Mutual understanding of the consequences of both Business and Tech decisions on landscape, strategy, people etc. is key and needs undivided attention and listening to each other.
One example is that from a Technology point of view the platform was nearing the end of its lifecycle illustrated by a high number of incidents, but due to the commercial success and steady growth in viewers, the business didn’t perceive this as a problem. It really took a while to understand, from a business point of view, the enormous risk of keeping the landscape as is, while hosting the growth. To prevent such misalignment in the future, we went for an integrated steering model, supported by the steering room in which both Business and Tech stakeholders aligned on vision, KPI’s etc.
- There is a large difference between autonomy and aligned autonomy
Starting with building business Agility, there is a tendency to provide full autonomy to the teams. Agile is perceived as a bottom-up movement where the teams should have the freedom to create their own way of working. Yet, this often leads to anarchy and chaos. The teams are not mature enough to carry the load and the leadership team fails to intervene and create alignment on the long-term vision.
Here the concept of aligned autonomy comes in to play: creating a mutual understanding of the strategic priorities for the long-term roadmap. Have alignment on this future vision and make sure to define and break down the strategic topics in user stories together with a clear business value and make sure the POs really own them.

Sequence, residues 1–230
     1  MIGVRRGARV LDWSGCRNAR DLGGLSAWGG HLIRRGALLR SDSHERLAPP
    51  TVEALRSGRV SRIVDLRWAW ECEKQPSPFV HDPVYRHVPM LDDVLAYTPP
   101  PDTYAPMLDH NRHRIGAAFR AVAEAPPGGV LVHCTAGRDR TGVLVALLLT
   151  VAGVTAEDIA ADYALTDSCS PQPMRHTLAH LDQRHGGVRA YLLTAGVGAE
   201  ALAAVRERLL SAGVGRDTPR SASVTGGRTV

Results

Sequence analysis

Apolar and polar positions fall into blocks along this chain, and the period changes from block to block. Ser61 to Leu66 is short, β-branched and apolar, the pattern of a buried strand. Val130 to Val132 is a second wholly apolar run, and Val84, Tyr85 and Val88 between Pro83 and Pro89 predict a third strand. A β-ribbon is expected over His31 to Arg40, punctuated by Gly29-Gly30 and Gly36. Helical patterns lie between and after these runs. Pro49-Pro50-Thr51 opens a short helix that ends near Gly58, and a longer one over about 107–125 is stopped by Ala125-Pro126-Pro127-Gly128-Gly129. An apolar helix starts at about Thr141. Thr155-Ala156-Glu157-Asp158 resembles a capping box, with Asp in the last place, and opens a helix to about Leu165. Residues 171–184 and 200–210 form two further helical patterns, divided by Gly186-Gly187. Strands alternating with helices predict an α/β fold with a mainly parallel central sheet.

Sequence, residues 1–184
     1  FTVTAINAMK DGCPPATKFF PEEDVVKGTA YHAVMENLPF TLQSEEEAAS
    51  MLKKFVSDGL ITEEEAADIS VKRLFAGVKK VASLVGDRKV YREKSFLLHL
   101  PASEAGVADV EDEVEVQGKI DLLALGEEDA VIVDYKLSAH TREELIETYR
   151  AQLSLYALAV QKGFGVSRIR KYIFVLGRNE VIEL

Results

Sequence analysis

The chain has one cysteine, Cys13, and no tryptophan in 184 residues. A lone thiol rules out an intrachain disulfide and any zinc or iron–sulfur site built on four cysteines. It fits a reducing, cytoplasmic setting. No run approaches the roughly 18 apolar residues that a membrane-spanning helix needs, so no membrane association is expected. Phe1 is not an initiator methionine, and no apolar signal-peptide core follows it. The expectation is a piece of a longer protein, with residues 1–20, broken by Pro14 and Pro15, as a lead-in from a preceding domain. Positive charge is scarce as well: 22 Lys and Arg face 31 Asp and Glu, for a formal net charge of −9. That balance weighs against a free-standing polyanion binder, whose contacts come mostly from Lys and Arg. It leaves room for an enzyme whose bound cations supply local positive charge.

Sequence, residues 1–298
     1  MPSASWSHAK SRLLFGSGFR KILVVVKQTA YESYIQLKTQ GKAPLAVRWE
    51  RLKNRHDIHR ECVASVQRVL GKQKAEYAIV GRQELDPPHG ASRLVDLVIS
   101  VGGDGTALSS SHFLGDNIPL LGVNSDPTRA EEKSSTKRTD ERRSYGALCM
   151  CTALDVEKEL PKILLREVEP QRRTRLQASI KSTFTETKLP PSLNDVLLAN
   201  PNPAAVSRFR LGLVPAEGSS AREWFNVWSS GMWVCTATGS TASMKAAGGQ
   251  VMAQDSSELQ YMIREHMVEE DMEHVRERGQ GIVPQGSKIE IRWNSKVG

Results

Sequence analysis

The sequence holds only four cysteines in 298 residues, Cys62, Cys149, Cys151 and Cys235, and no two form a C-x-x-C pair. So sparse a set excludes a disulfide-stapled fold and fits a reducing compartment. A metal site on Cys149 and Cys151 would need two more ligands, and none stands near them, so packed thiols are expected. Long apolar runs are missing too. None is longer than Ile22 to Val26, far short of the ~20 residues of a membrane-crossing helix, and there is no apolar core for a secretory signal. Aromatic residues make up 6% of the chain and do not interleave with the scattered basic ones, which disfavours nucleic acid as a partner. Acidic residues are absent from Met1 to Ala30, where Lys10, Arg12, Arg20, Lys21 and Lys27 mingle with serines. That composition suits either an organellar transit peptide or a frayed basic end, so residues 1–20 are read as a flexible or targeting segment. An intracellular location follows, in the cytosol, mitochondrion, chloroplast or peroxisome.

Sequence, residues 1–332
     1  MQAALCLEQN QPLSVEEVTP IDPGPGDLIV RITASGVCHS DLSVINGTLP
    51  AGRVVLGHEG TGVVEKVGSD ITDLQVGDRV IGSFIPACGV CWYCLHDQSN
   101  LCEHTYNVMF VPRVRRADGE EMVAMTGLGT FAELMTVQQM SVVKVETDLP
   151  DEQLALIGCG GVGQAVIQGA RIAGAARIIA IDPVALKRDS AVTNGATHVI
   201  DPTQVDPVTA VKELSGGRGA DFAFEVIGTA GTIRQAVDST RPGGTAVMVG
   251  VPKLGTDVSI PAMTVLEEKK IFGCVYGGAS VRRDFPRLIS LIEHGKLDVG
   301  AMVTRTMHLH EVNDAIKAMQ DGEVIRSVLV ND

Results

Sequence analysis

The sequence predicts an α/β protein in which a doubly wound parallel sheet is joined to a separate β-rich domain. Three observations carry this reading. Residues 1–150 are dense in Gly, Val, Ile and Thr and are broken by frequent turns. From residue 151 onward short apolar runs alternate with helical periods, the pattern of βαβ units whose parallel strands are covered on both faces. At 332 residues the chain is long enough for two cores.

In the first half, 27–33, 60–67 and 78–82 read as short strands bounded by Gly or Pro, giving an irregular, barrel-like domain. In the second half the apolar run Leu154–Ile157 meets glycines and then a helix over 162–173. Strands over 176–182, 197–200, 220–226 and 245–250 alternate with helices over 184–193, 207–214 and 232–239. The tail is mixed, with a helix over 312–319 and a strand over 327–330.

Then Tech becomes a shared pool of capabilities that work with the POs that run the value creation and there is a synchronized debate among the POs as to who gets what resources. This synchronization should happen at all different levels to ensure maximal value creation independent of business units.
- Transform with the believers
When changing the system, you want to invest your energy in the people that really believe in your vision. In fact, those not believing in the direction are actually slowing down the change you want to make. Not everyone may be a believer from the very start, but for those willing to change, take them along and make it a combined effort. In order to transform, we developed a clear vision for our Next-Gen platform. Then we started talking to key players: are you behind this and do you want to go for it? Or do you not believe in it?
Quotes from participants:
‘I really recognize the struggle of assuming there is alignment on the direction but then finding out in practice that everyone has their own interpretation. That is why I believe strategic alignment on top level and PO level is crucial. Don’t just think you are aligned, really make sure you are aligned’
‘Building a new business model next to your traditional business model really requires fundamental changes on all aspects of your organization; your way of working, steering, mindset, and behaviour.’
Author: Pascal Steeghs